State of the Union, State of the States, State of Our Local Government
Thoughts on the Challenge of Making Government More
Efficient and Effective
January and February of each year sees our president, governors, mayors, and county executives appearing on network or cable television to offer their annual addresses on the state of the union, state of the state, and state of the city or county.
Bob Benstead’s blog post last month got me thinking about the latest crop of above addresses and the critical role that technology (IT) plays in how public servants and government can address the economic, environmental, and safety crisis that faces our nation and meet our pressing need for effective and efficient government. This crisis embraces not only Bob’s list of global warming and energy conservation issues, but also what Massachusetts Governor Duval Patrick said about increasing government efficiency in his State of the Commonwealth address on January 21, “I will not be satisfied until we have reshaped and reinvented government itself, consolidating more agencies and wringing out of them every inefficiency.”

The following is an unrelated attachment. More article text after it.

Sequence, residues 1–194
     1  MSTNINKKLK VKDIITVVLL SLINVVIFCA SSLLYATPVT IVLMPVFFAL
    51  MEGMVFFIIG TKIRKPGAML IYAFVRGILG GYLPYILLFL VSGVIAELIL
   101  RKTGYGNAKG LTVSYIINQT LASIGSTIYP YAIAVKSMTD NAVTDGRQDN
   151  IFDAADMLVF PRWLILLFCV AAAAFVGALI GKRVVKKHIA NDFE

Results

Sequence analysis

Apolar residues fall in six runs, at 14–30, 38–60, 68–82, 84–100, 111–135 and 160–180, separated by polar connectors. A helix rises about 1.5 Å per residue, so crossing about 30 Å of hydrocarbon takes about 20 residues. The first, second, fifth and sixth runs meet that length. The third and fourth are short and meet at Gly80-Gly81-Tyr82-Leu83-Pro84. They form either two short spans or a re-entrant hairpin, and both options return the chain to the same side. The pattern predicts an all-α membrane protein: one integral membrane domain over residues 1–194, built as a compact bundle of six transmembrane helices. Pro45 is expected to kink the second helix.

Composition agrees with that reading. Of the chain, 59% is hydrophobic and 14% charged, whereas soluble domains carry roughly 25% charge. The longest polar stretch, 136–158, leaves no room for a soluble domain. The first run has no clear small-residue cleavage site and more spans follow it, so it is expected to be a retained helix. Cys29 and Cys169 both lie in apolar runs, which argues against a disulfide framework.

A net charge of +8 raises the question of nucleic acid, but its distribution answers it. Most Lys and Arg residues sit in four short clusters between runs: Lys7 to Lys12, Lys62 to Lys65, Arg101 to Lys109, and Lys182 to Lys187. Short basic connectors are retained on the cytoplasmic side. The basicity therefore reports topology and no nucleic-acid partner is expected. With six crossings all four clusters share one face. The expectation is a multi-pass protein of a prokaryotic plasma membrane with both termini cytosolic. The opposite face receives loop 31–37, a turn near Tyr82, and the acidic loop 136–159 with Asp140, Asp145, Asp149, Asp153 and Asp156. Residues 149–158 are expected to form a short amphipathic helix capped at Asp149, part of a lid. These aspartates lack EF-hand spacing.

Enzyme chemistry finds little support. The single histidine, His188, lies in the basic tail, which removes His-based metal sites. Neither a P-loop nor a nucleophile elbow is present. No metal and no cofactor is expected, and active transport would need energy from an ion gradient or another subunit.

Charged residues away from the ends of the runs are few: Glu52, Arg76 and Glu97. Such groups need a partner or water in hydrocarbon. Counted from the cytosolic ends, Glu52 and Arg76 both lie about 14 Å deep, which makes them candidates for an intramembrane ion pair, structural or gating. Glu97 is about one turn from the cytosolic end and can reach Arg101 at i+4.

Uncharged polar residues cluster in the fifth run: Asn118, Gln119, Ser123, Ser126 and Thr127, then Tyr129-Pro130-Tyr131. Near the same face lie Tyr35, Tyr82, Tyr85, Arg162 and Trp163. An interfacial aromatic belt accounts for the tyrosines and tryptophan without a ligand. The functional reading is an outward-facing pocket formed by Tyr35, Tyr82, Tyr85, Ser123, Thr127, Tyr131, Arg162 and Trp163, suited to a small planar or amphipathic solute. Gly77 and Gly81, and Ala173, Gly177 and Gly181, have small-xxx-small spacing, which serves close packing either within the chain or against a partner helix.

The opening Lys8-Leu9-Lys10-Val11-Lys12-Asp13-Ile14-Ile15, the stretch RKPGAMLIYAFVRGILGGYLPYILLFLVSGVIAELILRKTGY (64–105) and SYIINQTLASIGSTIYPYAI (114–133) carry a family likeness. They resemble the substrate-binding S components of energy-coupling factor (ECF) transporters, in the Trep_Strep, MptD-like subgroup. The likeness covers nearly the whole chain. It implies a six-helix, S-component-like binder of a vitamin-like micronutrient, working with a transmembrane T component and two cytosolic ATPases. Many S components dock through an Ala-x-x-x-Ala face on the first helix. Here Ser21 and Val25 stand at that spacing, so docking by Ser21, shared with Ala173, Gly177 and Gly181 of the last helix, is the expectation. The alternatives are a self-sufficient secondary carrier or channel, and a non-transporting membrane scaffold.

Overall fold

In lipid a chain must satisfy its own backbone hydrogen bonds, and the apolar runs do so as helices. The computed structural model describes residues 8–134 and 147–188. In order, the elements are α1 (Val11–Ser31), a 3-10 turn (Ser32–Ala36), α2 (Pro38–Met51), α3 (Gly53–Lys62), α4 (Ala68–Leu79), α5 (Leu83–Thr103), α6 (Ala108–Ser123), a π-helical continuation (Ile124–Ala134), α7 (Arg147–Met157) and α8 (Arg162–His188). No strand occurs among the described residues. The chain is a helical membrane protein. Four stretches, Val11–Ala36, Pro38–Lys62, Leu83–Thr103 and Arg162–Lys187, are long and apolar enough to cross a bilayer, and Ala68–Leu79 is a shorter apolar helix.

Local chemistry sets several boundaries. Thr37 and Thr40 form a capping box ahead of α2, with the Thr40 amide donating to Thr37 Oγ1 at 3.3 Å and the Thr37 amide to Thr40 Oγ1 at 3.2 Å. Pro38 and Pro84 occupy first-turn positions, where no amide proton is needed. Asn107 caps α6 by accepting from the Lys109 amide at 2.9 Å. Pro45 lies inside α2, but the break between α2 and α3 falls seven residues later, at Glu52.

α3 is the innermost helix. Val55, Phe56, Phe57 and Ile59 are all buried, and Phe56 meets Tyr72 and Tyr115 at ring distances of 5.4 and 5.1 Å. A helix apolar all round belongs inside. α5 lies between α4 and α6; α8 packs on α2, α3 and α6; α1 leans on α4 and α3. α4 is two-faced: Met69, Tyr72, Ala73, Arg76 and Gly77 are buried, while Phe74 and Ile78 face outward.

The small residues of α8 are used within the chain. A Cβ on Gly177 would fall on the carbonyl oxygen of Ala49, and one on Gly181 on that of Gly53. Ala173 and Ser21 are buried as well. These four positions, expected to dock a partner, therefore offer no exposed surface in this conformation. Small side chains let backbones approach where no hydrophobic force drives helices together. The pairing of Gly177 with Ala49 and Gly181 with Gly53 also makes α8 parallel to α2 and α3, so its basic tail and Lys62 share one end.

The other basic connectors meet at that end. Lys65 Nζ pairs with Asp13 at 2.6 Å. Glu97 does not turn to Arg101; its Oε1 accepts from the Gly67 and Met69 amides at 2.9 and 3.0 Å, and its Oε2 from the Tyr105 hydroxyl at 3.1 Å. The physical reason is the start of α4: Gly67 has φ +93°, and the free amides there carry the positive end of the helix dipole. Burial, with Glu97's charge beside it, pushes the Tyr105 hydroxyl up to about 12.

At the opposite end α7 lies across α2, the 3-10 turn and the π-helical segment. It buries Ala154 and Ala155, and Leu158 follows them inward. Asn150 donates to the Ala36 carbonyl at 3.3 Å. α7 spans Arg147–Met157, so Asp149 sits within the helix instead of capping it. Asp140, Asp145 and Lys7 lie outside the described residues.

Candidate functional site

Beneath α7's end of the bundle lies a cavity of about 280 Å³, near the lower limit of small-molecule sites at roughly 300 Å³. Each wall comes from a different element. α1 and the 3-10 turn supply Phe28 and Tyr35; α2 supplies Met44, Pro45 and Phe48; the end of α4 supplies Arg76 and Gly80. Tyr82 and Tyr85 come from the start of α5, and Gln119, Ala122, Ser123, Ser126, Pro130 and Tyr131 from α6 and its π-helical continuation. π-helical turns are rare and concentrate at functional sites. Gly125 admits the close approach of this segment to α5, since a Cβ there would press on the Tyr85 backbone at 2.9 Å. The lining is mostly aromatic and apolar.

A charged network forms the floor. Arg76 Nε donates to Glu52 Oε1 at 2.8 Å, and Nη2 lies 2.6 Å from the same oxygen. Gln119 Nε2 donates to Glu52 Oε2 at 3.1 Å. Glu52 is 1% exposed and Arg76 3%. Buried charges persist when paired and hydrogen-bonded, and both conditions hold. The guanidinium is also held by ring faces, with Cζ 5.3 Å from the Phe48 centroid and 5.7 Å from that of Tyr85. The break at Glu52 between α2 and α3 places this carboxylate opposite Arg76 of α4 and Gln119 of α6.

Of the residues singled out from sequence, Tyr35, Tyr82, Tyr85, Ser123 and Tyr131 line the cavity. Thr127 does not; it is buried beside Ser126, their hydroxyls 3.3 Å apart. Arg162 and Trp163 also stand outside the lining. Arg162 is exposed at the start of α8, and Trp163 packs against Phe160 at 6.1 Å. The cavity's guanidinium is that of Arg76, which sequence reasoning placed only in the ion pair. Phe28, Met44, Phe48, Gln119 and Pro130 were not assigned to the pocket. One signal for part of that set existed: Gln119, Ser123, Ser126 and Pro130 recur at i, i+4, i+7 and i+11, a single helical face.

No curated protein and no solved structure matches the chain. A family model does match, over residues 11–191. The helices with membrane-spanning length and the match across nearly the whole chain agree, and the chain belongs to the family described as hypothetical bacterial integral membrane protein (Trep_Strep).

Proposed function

Creating jobs, getting the economy back on track, and increasing the efficiency and effectiveness of government were universal themes in all of the addresses that I’ve either read or heard, from the White House all the way down to my county government. President Obama called for our nation to create jobs and for putting “Americans to work today building the infrastructure of the future.” In
In Michigan, Governor Granholm in her February 3 address noted that, “We have to reform government to make it work better and cost less so that we can focus on our priorities: jobs and education.” New York Governor Patterson in his address, “A Time to Rebuild,” called for “merging agencies that replicate services” and “bring spending in line with expected revenues” as a way to help “reignite the engine of our economy.”